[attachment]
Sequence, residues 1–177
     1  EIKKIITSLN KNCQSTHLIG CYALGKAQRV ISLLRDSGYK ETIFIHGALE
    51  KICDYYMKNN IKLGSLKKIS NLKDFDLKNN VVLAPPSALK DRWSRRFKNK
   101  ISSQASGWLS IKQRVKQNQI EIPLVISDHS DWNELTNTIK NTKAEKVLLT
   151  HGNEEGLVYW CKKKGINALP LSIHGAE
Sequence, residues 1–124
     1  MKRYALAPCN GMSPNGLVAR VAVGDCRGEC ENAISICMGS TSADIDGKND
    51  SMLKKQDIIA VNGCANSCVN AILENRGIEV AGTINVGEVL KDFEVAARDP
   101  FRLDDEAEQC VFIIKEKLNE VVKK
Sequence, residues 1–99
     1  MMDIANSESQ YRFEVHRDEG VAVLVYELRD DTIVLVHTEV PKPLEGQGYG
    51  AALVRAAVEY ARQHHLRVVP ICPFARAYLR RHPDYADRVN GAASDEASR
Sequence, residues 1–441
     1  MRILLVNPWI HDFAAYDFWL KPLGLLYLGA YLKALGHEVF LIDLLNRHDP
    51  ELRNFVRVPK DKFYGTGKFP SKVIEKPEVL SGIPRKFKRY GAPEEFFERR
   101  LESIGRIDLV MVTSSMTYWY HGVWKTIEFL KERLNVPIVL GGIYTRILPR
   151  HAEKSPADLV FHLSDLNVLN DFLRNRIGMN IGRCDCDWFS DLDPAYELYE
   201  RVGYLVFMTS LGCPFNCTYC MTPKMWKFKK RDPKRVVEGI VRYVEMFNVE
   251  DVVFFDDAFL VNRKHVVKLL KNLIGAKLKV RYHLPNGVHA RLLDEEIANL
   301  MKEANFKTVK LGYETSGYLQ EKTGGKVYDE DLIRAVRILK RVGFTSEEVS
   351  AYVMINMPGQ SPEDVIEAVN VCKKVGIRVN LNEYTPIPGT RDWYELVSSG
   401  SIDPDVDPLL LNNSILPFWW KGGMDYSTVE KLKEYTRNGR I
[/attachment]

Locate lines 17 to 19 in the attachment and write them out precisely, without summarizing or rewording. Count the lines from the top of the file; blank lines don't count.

   151  HAEKSPADLV FHLSDLNVLN DFLRNRIGMN IGRCDCDWFS DLDPAYELYE
   201  RVGYLVFMTS LGCPFNCTYC MTPKMWKFKK RDPKRVVEGI VRYVEMFNVE
   251  DVVFFDDAFL VNRKHVVKLL KNLIGAKLKV RYHLPNGVHA RLLDEEIANL